Home > Stuff few will care about, Woodworking > More trigonometry, this time for shop built knobs

More trigonometry, this time for shop built knobs

Today I present another example of applied trigonometry in the woodshop. I was curious how I could make knobs for shop jigs and avoid purchasing those black plastic jobbies. Having the ability to make whatever size and type I needed versus having to special order knobs appealed to me. I figured it would involve a lathe, which I don’t own, but I was hoping for another solution and I quickly found it using Google. Star knobs!

Homemade Star Knobs for the Shop

Your basic star knob is made by drawing a circle on flat stock, then dividing the circle into equidistant lengths along the circumference. A Forstner bit of appropriate diameter can then be used to “take a bite” out of the circle at the beginning of each of these lengths. The knob can then be cut free with a band saw, fret saw or jig saw. The rest of the knob shaping must be done by hand. I used a belt sander and a drill press drum sanding attachment to refine the shape. There are some wonderful and insightful videos on this topic on You Tube.

I have only made these knobs on a single occasion as part of the build for my bench top router table. In this example I used my dividers and geometry to divide the circle into equal parts. You can get close just eyeballing it and even closer using your dividers with trial and error. It occurred to me that I should be able to calculate the length of the segments that I need based only on the diameter of the circle and the number of stars that I want on my knob. This turned out to be true and I wanted to share the reasoning.

One way to solve the problem is to simply divide the total circle circumference by the number of desired segments. Let’s assume my diameter to be 2″ and I have selected 5 knobs. We know that the length of the circumference is equal to the diameter multiplied by the irrational constant π which can be approximated as 3.14.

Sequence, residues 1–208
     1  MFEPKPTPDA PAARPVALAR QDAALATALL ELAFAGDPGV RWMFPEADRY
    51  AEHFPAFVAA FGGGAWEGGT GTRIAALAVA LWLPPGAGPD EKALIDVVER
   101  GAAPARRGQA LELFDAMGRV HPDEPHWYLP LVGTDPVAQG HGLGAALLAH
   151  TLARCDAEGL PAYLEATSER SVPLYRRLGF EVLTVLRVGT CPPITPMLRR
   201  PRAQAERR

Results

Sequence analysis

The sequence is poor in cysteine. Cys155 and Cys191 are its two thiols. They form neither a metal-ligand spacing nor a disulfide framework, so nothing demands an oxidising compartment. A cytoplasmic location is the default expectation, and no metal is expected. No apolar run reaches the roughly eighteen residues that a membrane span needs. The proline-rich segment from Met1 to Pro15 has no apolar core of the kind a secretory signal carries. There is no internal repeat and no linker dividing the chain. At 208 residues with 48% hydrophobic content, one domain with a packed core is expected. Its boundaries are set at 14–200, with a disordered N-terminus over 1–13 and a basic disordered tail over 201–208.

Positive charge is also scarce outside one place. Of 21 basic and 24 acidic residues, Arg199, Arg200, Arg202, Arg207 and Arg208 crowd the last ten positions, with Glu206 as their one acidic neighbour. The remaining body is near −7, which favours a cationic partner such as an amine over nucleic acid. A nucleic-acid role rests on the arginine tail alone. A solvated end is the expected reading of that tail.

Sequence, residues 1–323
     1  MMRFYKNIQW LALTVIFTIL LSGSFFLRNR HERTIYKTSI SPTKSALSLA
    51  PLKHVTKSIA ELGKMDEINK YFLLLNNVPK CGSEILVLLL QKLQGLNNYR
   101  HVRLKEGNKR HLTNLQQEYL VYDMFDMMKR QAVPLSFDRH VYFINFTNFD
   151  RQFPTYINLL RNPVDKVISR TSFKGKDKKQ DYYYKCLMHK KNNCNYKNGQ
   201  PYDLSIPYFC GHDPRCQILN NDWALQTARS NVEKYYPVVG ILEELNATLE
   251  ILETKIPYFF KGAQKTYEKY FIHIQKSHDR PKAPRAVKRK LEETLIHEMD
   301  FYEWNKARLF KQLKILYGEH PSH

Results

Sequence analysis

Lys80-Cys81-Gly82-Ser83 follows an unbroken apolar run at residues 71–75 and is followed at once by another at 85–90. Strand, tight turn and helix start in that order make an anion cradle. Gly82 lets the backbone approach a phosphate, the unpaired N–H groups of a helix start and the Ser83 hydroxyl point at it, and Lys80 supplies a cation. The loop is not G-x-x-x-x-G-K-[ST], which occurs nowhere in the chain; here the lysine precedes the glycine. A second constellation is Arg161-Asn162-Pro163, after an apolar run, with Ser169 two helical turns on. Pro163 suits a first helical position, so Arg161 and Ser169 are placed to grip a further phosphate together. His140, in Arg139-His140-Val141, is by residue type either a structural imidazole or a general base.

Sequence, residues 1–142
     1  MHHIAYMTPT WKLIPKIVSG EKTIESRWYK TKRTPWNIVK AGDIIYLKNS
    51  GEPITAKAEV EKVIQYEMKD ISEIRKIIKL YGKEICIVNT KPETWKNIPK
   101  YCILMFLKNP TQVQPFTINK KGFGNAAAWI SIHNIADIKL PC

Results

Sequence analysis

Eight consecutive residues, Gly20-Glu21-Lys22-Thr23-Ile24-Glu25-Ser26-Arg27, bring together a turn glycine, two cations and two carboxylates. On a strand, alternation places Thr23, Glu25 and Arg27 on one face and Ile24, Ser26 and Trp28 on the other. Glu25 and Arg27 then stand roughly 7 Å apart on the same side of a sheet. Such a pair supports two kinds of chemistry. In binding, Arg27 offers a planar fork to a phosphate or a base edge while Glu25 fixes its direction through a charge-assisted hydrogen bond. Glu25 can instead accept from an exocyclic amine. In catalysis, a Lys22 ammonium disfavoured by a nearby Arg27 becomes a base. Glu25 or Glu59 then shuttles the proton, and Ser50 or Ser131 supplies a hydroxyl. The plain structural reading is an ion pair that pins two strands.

c=πd=2″*3.14 =6.28″

We can now divide the total length 6.28″ by the number of segments 5 to arrive at the length of each arc 1.256″.

Now my problem is that I want to use my dividers to do this and they don’t help me measure arcs. So what I’d really like to know is the cord length between these arcs. Before we go further let’s look at some of the definitions.

Chord of a Circle

In the last paragraph we calculated the arc AB length to be 1.256″.  What I really need to determine is the length AB that I can measure with my dividers. So my known values are the lengths of both sides AO and BO which is the radius of the circle. If the diameter is 2″ than the radius is half that or 1″. I can infer the inscribed angle AOB because I know that any circle has 360° which I will divide into five equal parts. Thus angle AOB is 360°/5 stars =72°/star  in this example.

I can’t use the tangent function because this is unfortunately not a right triangle (meaning none of the included angles of the triangle are 90°). I can however, use a formula known as The Law of Cosines which states:

In any triangle, given two sides and the included angle, the third side is given by the Law of Cosines formula:  c2 = a2 + b2 – 2ab cos(C)

In my example a is AO, b is BO and C is the inscribed angle. AB is the chord length I am after. Now it’s plug, play and calculate.

AB2= 12 + 12 – 2*1*1 cos(72°) = 2 – (2*0.309) = 1.382 “2      (units are square inches)

AB=√1.382″2 = 1.176″

So there it is. Now I can draw my 2″ diameter circle and using my calipers, I can approximate 1.176″  and begin marking my chords around the circle. If I want, I can then do the same procedure marking in the other direction to see if the points exactly coincide. They may not but they should be quite close.

You shouldn’t be surprised that I made a simple spreadsheet widget to calculate these values. Who knows, I might decide to make knobs in other diameters and shapes?

Star Knob Calc

Click on the picture to play with or download the calculator.

Armed with this information you really don’t need to mess with my widget, there are many circle/arc/chord calculators online and they are easy to find now that you know they exist and what they are called. The terminology can be confusing when using these online resources so be sure to “take care of the units (of measure) and the units will take care of you!”.

You have been reading an excerpt from the shop journal of the Turtlecovebrewer.

 

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